Artificial intelligence will make business regulation pro-active: Chaudhary
Minister of state for corporate affairs P P Chaudhary said in an interview that the govt was working on a host of measures that will improve transparency in companies’ affairs
New Delhi: In recent months, the government has taken several steps to raise the bar on good governance in the corporate sector. Minister of state for corporate affairs P.P. Chaudhary, 65, an expert on constitutional matters, said in an interview that the government was working on a host of measures that will improve transparency in companies’ affairs and improve ease of doing business in the country. Edited excerpts:
For long, the corporate structure has been abused by some for tax evasion and money laundering. Do you think the steps taken so far effectively address this problem?
We are gradually tightening the procedures. Our action to strike off 226,000 companies and the disqualification of approximately 300,000 directors in the first round and striking off 55,000 companies last month, is a step in this direction. This will go a long way in ensuring that the corporate sector complies with rules. If their balance sheet is clean, it will automatically arrest tax evasion and money-laundering. In the four years from 2015-16, the Serious Fraud Investigation Office (SFIO), a multi-disciplinary agency, has been assigned 86 cases and the agency has completed probe in 32 of them.
Corporate offenders are always one step ahead of regulators. How will you deal with this problem?
We are going to use artificial intelligence (AI). Among the large number of registered companies, it is now very difficult to find out which one is doing mischief. As on today, we are reactive, that is, when we receive a complaint, we investigate it, rather than the system triggering warning signals. Use of AI in the MCA21 database (of companies and partnerships) will make us pro-active in compliance monitoring. We are also converting all the statutory forms to be submitted by businesses into e-forms. Once we have e-forms, the system can trigger alerts based on certain filters. We are committed to improving transparency in the system, which will make our economy more attractive to investors. We do not want the corporate structure to be abused for money laundering and terror financing.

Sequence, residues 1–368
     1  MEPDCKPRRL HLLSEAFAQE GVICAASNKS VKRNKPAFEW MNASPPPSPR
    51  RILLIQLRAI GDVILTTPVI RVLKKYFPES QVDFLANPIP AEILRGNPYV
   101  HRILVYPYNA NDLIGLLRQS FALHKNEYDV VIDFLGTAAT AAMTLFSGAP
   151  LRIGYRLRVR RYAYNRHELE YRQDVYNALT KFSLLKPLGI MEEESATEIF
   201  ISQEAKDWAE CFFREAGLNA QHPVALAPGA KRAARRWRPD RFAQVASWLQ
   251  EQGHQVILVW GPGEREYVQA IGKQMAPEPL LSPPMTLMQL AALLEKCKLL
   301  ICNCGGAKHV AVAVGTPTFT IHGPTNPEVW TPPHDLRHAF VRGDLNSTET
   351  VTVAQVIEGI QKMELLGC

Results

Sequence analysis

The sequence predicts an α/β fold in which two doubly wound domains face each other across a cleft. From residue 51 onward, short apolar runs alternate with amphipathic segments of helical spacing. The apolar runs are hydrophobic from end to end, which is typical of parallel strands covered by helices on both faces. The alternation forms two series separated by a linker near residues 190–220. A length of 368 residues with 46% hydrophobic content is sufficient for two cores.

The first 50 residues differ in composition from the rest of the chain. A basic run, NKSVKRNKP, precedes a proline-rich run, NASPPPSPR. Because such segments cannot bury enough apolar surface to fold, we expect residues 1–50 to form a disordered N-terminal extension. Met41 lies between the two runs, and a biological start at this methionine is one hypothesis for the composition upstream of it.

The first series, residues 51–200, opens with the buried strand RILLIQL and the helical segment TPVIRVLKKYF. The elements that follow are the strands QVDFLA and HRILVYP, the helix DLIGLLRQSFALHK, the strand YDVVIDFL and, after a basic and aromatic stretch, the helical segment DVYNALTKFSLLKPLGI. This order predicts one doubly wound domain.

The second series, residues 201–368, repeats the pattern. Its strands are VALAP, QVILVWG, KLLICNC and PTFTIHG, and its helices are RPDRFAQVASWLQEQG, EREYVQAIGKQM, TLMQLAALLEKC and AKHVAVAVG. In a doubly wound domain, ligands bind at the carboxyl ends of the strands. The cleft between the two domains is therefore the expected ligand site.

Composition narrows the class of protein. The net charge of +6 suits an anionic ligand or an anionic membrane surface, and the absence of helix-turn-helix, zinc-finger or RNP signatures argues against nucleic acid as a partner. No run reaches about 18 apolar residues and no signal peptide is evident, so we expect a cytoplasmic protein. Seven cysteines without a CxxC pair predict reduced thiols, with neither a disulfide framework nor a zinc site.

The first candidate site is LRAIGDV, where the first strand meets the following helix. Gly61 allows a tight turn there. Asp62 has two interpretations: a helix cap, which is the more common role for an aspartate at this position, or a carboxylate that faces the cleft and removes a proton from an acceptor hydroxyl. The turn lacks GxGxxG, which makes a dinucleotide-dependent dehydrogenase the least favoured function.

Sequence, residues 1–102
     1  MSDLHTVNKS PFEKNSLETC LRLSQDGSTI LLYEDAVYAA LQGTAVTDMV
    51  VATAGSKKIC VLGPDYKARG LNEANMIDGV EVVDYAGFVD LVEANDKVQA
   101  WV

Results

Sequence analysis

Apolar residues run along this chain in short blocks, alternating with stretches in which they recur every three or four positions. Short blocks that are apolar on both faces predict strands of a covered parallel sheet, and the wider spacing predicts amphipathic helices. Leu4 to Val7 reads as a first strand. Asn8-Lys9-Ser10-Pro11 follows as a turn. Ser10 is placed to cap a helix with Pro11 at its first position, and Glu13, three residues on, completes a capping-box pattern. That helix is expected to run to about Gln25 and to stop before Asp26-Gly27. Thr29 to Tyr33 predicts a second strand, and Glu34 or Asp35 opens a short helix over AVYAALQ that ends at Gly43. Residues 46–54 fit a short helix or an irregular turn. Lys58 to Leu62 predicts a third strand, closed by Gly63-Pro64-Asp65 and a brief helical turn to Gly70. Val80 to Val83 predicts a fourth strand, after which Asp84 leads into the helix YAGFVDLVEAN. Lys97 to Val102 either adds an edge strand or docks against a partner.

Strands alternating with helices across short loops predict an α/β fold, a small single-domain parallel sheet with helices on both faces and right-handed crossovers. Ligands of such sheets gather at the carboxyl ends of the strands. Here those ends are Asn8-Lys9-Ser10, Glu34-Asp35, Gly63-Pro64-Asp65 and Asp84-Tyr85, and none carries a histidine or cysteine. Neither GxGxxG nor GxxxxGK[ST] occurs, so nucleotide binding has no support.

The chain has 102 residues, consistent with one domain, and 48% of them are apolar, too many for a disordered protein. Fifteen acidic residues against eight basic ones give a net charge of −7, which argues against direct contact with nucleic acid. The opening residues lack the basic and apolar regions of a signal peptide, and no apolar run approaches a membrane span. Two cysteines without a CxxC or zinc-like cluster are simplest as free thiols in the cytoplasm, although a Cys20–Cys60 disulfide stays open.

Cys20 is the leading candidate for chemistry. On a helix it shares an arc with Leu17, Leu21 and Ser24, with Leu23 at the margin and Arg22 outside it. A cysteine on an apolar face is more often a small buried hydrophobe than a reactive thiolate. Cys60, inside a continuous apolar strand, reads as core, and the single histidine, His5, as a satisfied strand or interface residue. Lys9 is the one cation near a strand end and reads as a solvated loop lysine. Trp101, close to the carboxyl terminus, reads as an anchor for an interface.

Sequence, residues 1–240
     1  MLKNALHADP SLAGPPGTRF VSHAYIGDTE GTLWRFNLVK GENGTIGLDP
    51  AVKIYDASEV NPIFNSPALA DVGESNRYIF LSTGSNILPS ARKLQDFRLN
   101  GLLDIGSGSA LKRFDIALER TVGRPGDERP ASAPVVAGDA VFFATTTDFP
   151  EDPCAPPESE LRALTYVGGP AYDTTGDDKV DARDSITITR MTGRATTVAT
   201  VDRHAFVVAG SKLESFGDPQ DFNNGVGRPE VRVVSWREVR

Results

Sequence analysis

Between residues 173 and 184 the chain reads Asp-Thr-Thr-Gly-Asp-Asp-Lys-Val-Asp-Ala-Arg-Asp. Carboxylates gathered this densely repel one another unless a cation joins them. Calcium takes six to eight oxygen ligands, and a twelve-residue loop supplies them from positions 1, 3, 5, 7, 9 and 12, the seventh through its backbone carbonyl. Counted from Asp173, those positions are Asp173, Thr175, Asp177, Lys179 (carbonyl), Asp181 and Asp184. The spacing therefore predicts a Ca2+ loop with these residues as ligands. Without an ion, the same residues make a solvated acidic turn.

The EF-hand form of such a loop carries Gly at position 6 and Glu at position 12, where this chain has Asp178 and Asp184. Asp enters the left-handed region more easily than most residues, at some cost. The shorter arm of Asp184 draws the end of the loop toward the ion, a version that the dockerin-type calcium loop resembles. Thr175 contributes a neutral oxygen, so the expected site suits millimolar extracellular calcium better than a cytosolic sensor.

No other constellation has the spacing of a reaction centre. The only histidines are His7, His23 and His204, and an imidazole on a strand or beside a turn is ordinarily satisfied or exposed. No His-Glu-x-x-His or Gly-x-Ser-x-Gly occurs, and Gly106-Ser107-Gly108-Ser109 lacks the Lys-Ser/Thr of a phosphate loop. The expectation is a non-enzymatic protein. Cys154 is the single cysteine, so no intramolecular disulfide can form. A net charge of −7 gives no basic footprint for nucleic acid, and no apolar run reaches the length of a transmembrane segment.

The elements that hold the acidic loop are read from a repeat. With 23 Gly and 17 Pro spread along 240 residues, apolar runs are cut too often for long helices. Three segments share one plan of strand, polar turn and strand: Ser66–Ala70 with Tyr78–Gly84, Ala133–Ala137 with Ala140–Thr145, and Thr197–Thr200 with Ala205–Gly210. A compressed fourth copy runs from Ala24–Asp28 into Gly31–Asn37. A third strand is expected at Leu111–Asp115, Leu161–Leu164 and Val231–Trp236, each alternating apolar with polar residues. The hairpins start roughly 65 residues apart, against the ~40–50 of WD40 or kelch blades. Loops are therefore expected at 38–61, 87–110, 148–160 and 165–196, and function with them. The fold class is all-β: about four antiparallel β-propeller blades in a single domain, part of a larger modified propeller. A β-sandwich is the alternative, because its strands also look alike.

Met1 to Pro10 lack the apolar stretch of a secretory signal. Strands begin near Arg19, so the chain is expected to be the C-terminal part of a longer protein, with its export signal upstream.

How will dematerialising unlisted public limited companies help?
Dematerialization will address the risks associated with physical holding of shares, such as loss and theft, as well as instances of fraud, such as retrospective transfer of shares.
How do you make sure that economic offenders do not flee the country?
Through the Companies Act, we are trying to ensure that economic offences do not happen. But the Companies Act does not directly deal with fugitive offenders. That is why the government brought out a stand-alone legislation to deal with fugitive economic offenders. Bringing the National Financial Reporting Authority (NFRA) is another step for ensuring cleaner balance sheets. We are also examining proposals to strengthen the system of independent directors. This will help in checking economic irregularities.
By when will the penalty provisions in Companies Act be rationalized as suggested by the Injeti Srinivas Committee?
Our aim is to simplify the law and ensure clean and transparent corporate governance. I would like to share some vital statistics. There are 81 offences under the Companies Act, which are compoundable. As on 30 June 2018, around 39,000 cases relating to such offences were pending in trial courts. Our aim is to reduce this pendency of cases in the courts to accelerate growth in the corporate sector. This committee (of Injeti Srinivas) has recommended that 16 out of the 81 compoundable offences may be brought under an in-house adjudication framework, wherein the defaults will be subject to a penalty levied by the adjudicating officer. This recommendation is under examination and a final decision in the matter will be taken soon. This will help in improving our ranking in the ease of doing business index also.
What is the progress in modifying the bankruptcy code to cover cross-border bankruptcy rules?
The Indian economy is expanding and local companies are doing business in overseas markets. A lot of foreign companies are coming to India for business, too. In this scenario, some instances of insolvency are bound to take place. We are already seized of the matter. A committee appointed to recommend amendments to the bankruptcy code had gone into this issue also. It felt the need for a comprehensive cross-border insolvency framework and said that evolving one is a complex exercise that needs detailed examination of similar legal provisions in international jurisdictions and the approach to be adopted in India. The Insolvency and Bankruptcy Board of India (IBBI) is working on this.
Do you feel there is a need for any course correction in implementing the International Financial Reporting Standards (IFRS) ?
I feel it was done by the Institute of Chartered Accountants of India (ICAI) after a thorough analysis of stakeholders’ views. It is too early to think about a course correction. We will look into it, as it evolves.
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